Last October, the Commonwealth proposed a revision to the royal laws regarding succession in order to provide gender equality -- i.e., a first-born daughter would ascend to the crown in favor of a younger male sibling. (If the current Queen Elizabeth II had a younger brother, he would have become king when her father King George VI died in 1952. Reportedly, Elizabeth herself cheered the new rule.)

“Put simply, if the Duke and Duchess of Cambridge were to have a little girl, that girl would one day be our queen,” Prime Minister David Cameron said.

(The Commonwealth also proposed that a British monarch could marry a Roman Catholic.)

Thus, under the new rules, if William and Kate, the Duke and Duchess of Cambridge, give birth to a daughter, she would theoretically ascend to the throne upon the death or abdication of William (assuming he becomes the king one day).

But, what if Kate produces a pair of twins?

That blessed event, which is a distinct possibility given Kate’s age, 30, and her acute morning sickness [hyperemesis gravidarum], would raise some intriguing possibilities.

Twins, identical or otherwise, do not exit the mother’s womb simultaneously -- one is born seconds before the other. And those few seconds would determine which twin would one day become king or queen.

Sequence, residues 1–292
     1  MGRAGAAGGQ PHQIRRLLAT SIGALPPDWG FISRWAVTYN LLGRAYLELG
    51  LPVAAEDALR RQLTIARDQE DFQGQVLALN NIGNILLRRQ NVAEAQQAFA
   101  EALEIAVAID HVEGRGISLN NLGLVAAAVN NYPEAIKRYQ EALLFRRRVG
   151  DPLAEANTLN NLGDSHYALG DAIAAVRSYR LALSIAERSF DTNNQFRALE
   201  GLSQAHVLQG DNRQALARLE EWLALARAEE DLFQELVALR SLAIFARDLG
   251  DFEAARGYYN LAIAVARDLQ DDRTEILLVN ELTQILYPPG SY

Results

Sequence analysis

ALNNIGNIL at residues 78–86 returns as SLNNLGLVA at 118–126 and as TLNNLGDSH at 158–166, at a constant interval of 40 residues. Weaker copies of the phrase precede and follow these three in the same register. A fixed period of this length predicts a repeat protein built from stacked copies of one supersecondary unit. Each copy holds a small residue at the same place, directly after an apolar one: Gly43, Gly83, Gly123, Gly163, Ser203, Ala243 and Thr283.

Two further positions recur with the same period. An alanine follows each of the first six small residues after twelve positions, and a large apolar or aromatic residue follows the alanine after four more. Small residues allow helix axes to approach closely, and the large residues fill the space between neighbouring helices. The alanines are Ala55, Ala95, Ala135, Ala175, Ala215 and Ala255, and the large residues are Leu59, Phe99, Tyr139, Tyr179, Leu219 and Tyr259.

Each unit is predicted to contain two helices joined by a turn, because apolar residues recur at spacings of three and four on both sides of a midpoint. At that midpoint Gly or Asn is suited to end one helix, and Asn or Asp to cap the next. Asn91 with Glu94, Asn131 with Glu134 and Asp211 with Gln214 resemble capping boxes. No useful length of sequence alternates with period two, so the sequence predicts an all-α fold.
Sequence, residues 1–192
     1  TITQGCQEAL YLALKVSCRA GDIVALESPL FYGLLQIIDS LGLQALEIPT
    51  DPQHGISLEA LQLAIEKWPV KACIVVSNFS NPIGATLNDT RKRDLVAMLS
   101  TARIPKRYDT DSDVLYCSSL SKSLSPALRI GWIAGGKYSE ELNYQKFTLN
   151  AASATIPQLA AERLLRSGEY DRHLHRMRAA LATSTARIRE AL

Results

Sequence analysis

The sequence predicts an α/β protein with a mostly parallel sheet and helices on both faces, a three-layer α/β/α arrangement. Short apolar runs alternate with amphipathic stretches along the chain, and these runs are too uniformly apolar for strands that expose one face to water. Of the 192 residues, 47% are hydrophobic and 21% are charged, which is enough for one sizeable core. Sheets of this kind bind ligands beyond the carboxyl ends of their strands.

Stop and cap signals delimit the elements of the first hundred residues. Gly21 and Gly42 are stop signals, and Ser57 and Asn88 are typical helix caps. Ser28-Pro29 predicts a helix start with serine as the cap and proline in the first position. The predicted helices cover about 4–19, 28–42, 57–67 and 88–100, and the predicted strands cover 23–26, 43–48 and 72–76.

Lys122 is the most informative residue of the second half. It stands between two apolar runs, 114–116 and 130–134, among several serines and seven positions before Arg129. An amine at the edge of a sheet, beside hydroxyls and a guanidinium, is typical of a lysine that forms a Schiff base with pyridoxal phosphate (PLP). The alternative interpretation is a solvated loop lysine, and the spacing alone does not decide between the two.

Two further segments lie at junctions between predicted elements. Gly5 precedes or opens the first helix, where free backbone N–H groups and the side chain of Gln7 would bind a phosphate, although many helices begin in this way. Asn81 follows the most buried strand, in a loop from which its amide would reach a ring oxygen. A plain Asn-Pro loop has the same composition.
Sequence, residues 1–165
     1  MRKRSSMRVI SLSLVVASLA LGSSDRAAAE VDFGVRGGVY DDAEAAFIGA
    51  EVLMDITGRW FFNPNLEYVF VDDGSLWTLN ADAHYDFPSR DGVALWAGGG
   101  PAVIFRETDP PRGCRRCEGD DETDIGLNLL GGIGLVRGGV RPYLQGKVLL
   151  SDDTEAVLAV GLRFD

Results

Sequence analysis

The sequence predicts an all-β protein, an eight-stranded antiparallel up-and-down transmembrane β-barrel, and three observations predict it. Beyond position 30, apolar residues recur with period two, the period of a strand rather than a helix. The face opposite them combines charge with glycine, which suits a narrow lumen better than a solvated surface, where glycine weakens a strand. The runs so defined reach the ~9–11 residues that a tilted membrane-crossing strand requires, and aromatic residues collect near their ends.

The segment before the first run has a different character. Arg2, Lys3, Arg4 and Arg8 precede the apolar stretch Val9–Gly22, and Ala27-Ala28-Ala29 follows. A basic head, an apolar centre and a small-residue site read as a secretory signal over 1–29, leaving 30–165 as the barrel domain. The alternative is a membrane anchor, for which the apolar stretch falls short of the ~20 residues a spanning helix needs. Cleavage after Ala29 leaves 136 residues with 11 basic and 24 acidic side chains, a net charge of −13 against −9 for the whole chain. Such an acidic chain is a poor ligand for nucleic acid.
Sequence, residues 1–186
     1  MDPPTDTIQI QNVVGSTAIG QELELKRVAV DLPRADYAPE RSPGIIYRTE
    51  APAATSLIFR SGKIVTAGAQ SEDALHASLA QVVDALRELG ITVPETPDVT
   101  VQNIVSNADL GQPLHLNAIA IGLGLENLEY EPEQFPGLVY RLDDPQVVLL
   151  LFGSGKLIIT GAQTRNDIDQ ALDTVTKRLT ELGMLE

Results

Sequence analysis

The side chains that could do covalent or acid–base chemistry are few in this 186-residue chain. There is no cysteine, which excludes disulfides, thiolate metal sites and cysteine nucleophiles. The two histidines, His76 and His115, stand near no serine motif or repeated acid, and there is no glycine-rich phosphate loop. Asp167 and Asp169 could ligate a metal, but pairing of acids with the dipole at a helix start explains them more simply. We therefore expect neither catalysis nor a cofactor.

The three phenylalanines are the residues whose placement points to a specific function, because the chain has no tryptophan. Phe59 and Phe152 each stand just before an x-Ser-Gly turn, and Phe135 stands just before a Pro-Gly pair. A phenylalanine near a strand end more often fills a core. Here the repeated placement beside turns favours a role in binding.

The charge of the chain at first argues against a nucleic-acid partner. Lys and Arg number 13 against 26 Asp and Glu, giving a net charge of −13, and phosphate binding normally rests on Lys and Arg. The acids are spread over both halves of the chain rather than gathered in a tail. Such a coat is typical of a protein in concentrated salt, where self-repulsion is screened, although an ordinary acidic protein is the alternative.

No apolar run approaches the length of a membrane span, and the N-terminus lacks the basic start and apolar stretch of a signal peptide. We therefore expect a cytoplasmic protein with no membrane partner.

To put it bluntly, whichever baby comes out first will be the monarch.

Of course, if complications from Kate’s pregnancy result in some kind of emergency, perhaps one that requires a caesarean section, that would confound matters. In that case, the royal obstetrician Alan Farthing may inadvertently have the power of choosing Britain’s future monarch.

(As a bizarre aside, Farthing was the former fiancé of Jill Dando, the BBC broadcaster who was murdered in 1999.)

There is a precedence for this scenario -- in January 2011, the Crown Princess of Denmark, Mary, and her husband, Prince Frederik, gave birth to twins, Josephine and Vincent. But the two Danish babies have elder siblings, Christian and Isabella, meaning they may never reach the throne. (For those who are counting, Vincent came out about half-hour ahead of his twin sister.)

The last time a British monarch produced twins was in 1430, when Queen Joan Beaufort, the wife of King James I of Scotland, gave birth to two boys -- the first-born, Alexander Stewart, was named the heir to the throne. However, Alexander died less than one year later and his slightly younger brother, also named James, took his place. By the time James turned six, his father was murdered, and the boy eventually became King James II of Scotland (who was, incidentally, the last Catholic monarch in Britain).

Other European monarchs have also produced twins. In 1556, Catherine de Médici, the Queen consort of France and wife of King Henry II, gave birth to twin baby girls, Joan of Valois and Victoria of Valois. Joan died during childbirth; Victoria died a month later. They were the last children Catherine would ever have.

Then 150 years later, another Queen Consort of France, Maria Leszczyńska, daughter of King Stanisław Leszczyński of Poland and wife King Louis XV of France, gave birth to twin girls, Marie Louise Élisabeth and Henriette Anne.

Both girls would die of smallpox as young women.

One can only hope Kate’s offspring have much happier outcomes.